1. When a reporter or editor asks for an image or a bio, don’t just send them to your website. Reporters are almost always working on a deadline. So make a point of having your biography and a current photo on your computer ready to go. You can always say, “I have additional information and images on the website, so feel free to download whatever you need.” If you have someone handling your PR, by all means give the reporter their contact info, but take the initiative here, too: “John Smith handles all that for me, but I’ll call him and tell him to email you what you need right away.” This is sometimes the difference between getting a story about you published and not.
Think about it from the reporter’s point of view: if one guitarist answers his email promptly and sends you a photo and a quote, while another takes his time getting back to you and then tells you to go somewhere else for the pic, which, by the way, he doesn’t know if it’s high resolution or not, and your deadline gets closer every minute … which story are you going to write?
2. Don’t lie to reporters or mislead them. I understand that this can be tricky if you’re not ready to talk about something yet. Working sometimes on the marketing side and other times in editorial, I’m well aware that we often have different priorities. But you put the media in a bad situation if you allow them to go public with facts that you know aren’t true. It can come back to bite you.
I was interviewing a bandleader once and asked him about an upcoming change to the band. He looked me in the eye and told me nothing was changing. No one was leaving.
Well I already knew it for a fact. But if I hadn’t heard it firsthand from one of the departing musicians, I might have accepted the bandleader’s word and “put the rumors to rest.” Of course, I would have looked pretty foolish a short time later when the move was announced.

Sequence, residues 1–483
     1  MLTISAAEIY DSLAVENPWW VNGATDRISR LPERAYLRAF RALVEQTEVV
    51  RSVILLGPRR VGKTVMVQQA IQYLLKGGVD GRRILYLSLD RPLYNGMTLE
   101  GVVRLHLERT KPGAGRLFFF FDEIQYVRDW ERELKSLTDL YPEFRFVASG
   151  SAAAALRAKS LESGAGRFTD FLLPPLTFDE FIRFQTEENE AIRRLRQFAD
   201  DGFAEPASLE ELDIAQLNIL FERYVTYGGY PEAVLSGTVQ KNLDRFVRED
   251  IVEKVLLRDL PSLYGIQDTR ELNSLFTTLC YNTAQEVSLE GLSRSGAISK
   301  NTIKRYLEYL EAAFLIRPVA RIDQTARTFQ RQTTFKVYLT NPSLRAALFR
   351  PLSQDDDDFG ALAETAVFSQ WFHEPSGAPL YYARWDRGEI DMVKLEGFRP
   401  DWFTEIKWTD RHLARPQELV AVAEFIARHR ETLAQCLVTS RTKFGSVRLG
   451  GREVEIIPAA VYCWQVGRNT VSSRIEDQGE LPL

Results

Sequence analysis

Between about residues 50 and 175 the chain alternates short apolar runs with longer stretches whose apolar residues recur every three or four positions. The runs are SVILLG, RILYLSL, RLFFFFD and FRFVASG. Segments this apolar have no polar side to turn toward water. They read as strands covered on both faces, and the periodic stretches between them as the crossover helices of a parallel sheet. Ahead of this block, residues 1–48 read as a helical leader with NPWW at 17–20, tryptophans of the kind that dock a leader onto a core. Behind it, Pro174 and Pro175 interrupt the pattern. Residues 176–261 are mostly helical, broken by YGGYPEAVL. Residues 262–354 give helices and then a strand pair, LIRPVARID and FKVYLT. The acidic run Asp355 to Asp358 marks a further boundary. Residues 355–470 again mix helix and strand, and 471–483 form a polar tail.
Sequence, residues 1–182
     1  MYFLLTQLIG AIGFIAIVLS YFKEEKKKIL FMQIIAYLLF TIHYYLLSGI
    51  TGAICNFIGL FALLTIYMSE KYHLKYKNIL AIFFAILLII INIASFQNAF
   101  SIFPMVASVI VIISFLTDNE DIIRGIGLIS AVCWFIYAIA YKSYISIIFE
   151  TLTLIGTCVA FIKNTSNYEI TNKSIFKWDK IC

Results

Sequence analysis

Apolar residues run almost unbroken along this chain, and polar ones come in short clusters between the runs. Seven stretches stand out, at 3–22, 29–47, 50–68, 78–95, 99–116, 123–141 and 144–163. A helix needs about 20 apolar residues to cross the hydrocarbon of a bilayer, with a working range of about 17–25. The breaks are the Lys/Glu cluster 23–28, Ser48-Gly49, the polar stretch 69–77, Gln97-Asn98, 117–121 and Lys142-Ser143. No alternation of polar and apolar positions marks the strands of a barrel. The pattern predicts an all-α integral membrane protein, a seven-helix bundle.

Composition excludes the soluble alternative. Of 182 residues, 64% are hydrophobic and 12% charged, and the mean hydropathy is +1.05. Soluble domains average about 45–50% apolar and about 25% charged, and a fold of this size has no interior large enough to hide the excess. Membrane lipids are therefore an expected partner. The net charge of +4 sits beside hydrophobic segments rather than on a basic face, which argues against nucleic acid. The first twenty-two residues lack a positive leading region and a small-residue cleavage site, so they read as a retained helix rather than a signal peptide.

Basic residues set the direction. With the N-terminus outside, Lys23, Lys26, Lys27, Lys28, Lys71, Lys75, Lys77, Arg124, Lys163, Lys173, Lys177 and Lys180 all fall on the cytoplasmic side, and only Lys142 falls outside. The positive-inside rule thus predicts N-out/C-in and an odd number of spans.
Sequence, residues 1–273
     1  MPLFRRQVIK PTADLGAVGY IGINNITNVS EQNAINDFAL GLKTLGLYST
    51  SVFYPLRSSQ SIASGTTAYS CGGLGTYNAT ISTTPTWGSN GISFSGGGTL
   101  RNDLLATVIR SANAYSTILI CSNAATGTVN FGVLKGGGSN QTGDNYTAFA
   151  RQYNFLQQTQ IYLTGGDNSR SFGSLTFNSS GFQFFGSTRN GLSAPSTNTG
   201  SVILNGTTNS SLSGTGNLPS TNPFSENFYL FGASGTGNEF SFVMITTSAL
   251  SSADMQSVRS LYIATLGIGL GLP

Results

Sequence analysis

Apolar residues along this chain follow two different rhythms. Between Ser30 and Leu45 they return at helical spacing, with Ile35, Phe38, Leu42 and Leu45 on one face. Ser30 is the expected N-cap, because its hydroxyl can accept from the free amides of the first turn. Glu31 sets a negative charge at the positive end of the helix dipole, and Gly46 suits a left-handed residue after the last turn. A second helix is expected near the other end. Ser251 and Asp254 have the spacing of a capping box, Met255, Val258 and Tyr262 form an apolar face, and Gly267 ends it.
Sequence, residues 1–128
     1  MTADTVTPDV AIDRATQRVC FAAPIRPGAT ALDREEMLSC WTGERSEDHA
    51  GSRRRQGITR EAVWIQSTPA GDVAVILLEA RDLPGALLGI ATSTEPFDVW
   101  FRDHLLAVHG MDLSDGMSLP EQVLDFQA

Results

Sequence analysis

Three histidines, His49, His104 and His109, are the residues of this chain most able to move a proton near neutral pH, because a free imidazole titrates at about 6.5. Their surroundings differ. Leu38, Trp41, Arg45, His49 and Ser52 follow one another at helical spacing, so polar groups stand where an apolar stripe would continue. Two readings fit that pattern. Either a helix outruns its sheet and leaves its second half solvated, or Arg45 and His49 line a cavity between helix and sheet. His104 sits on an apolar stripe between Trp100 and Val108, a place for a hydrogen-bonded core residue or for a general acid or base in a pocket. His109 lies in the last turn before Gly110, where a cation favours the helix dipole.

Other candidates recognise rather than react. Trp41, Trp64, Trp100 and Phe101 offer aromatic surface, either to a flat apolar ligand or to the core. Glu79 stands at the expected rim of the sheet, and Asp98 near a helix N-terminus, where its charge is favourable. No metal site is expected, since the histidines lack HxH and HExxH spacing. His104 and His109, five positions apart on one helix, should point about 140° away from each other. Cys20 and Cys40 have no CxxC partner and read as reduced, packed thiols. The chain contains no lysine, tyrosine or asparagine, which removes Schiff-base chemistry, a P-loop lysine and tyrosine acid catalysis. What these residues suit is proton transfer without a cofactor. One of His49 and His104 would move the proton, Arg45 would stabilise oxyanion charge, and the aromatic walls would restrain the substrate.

End result? I didn’t run the interview at all. He lost out on free publicity for his band. And now I take anything this guy tells me with a grain of salt.
3. If you tell a writer you’re going to do something, don’t forget about it. Make sure you do it. This is tough because a musician’s job is not just playing music. Often, you’re booking your own gigs and then loading in and tearing down, too. On top of that, you’ve got fans that want your attention; rehearsals, songwriting and maybe you want to see your family sometime.
Somehow though, you’ve got to come to terms with this. So if you say you’re going to send a CD, send it. If you commit to a telephone call, make the call. If you plan a lunch date, follow through with it. Media people play an important part in your success; and if you’ve found a reporter whose work you respect and who gets your music, this is a relationship you want to nurture.
4. Don’t assume a music editor knows about or remembers every show. I’m not suggesting that you inundate the media with reminders about every gig. But, once you’ve met an editor (or reporter or deejay), in particular one with whom you feel a connection, it’s a good idea to send a quick personal email inviting them to the show. If press passes won’t suffice (and they don’t always for bloggers and other Web-based media outlets), leave tickets or names at the door so there’s no charge for admission.
5. Don’t be shy. If you have something newsworthy, don’t hesitate to contact the writer and talk about it. It could be a change to your band; you’re in the studio working on a new CD; you’re writing a song with a new partner; you’re opening for a well known band; or you’d like the music writer to cover your just released CD … Your call might come at just the right moment for a writer who hasn’t figured out his next column yet or a local TV reporter who’s been thinking about highlighting the local music industry or a deejay who’s happy to do an on-air interview with you. If it doesn’t work out this time, your call may have paved the way for something else in the future.
6. Don’t assume that a reporter has kept your information on file unless he or she tells you so. It’s not always a perfect world, and just because you were on the afternoon news once or a music columnist interviewed you during a local festival, your bio and other data may have been deleted. So if you’re fortunate enough to have another story planned about you, just update and resend your information. In fact, even if there isn’t a story about you in the works, send another press kit after a few months. Sometimes it’s enough to jumpstart another interview.